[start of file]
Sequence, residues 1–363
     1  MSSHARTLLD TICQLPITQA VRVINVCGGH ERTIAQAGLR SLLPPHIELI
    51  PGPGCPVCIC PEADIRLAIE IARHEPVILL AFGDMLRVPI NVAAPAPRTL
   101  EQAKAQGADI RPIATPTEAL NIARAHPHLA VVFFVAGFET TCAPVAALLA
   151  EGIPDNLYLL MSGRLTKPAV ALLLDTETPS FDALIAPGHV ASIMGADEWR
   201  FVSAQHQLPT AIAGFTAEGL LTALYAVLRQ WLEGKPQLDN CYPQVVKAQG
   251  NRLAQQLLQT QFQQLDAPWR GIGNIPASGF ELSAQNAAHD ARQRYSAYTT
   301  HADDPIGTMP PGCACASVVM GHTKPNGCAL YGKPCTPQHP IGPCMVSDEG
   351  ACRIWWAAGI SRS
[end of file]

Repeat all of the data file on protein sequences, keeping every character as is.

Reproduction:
Sequence, residues 1–363
     1  MSSHARTLLD TICQLPITQA VRVINVCGGH ERTIAQAGLR SLLPPHIELI
    51  PGPGCPVCIC PEADIRLAIE IARHEPVILL AFGDMLRVPI NVAAPAPRTL
   101  EQAKAQGADI RPIATPTEAL NIARAHPHLA VVFFVAGFET TCAPVAALLA
   151  EGIPDNLYLL MSGRLTKPAV ALLLDTETPS FDALIAPGHV ASIMGADEWR
   201  FVSAQHQLPT AIAGFTAEGL LTALYAVLRQ WLEGKPQLDN CYPQVVKAQG
   251  NRLAQQLLQT QFQQLDAPWR GIGNIPASGF ELSAQNAAHD ARQRYSAYTT
   301  HADDPIGTMP PGCACASVVM GHTKPNGCAL YGKPCTPQHP IGPCMVSDEG
   351  ACRIWWAAGI SRS